I am indebted to my beloved family – my wife, Lucyna, our two children with spouses and four grandchildren – for their love, support, and encouragement. My wife has been a role model, excellently managing our family affairs and enabling me to pursue my scientific interests and to achieve professional success.
It is a great honor to have my 46 years of scientific work recognized through this highly respected and prestigious Prince Sultan Bin Abdulaziz International Prize for Water – The Surface Water Prize International Prize. It is with great pleasure and gratitude that I accept the Prize. I hope that this Prize will continue to inspire younger scientists and researchers to work hard and to try to obtain relevant, practice-oriented, results. This 2020 Prize in the category of surface water will enhance recognition of the important problems associated with floods.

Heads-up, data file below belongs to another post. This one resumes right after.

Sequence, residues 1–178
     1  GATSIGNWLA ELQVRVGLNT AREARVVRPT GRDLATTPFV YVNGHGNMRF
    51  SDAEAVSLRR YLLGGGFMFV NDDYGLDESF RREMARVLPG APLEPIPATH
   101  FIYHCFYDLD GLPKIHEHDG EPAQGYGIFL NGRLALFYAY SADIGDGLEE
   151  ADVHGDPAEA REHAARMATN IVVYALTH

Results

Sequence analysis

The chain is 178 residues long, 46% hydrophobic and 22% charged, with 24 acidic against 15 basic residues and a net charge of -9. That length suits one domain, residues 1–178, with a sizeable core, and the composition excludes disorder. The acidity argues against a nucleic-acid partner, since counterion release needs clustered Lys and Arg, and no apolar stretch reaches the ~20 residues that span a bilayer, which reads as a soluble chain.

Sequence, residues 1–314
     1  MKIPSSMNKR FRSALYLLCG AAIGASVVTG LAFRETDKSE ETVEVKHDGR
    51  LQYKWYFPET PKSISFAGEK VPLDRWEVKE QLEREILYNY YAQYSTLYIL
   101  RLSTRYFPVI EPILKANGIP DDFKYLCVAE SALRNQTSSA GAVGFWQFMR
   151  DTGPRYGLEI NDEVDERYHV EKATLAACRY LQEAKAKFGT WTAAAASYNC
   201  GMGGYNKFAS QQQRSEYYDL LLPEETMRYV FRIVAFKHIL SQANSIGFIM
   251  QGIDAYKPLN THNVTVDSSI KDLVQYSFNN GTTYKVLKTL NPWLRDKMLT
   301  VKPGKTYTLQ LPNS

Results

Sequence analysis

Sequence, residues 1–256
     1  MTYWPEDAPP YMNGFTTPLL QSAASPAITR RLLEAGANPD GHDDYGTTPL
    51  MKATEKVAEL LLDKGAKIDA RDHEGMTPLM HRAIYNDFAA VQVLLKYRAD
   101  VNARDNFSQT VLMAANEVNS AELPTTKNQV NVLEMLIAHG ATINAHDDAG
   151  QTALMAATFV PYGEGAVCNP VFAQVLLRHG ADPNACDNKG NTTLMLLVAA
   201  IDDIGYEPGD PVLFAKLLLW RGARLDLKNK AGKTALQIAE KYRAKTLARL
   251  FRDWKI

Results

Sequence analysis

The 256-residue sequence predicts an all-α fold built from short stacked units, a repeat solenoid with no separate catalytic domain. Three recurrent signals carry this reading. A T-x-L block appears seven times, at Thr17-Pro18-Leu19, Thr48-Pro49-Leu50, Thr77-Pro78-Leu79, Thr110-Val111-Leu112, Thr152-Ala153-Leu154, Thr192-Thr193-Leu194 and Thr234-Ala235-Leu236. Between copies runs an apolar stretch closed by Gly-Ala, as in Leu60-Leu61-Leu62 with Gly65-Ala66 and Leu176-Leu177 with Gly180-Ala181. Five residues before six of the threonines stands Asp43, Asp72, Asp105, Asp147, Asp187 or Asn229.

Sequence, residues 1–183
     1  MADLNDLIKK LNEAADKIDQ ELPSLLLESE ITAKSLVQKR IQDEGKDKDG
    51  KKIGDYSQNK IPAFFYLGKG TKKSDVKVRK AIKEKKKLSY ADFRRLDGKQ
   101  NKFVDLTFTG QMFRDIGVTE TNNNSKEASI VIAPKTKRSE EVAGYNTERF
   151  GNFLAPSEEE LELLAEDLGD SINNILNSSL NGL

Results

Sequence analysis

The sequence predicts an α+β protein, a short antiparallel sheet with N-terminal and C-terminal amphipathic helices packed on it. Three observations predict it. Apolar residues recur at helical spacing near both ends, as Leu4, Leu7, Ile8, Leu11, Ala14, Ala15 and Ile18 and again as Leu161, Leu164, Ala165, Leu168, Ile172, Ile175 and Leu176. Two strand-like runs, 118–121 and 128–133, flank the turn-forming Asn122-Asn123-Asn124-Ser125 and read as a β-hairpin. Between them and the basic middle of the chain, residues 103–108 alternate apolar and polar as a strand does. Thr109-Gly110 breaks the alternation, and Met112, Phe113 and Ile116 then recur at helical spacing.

Kundzewicz Z.W., Stoffel M., Niedźwiedź T., Wyżga B. (Eds.) 2016. Flood risk in the Upper Vistula Basin. GeoPlanet: Earth and Planetary Sciences. Springer, pp. 418. ISBN 978-3-319- 41922-0.
 Kundzewicz, Z.W., Krysanova, V., Dankers, R., Hirabayashi, Y., Kanae, S., Hattermann, F.F., Huang, S., Milly, P.C.D., Stoffel, M., Driessen, P.P.J., Matczak, P., Quevauviller, P., Schellnhuber, H.-J. 2017. "Differences in flood hazard projections in Europe - their causes and consequences for decision making." Hydrological Sciences Journal. 62(1), 1-14.
 Kundzewicz, Z. W., Hegger, D. L. T., Matczak, P., Driessen, P. P. J. (2018) "Flood risk reduction: structural measures and diverse strategies." Proceedings of the National Academy of Sciences (USA) PNAS (December 4, 2018) 115(49): 12321–12325.
 Kundzewicz, Z. W.; Su, Buda; Wang, Yanjun; et al. (2019) "Flood risk and its reduction in China." Advances in Water Resources 130: 37-45.
 Kundzewicz, Z.W.; Su, Buda; Wang, Yanjun; et al. (2019) "Flood risk in a range of spatial perspectives - from global to local scales." Natural Hazards and Earth System Sciences 19(7): 1319-1328.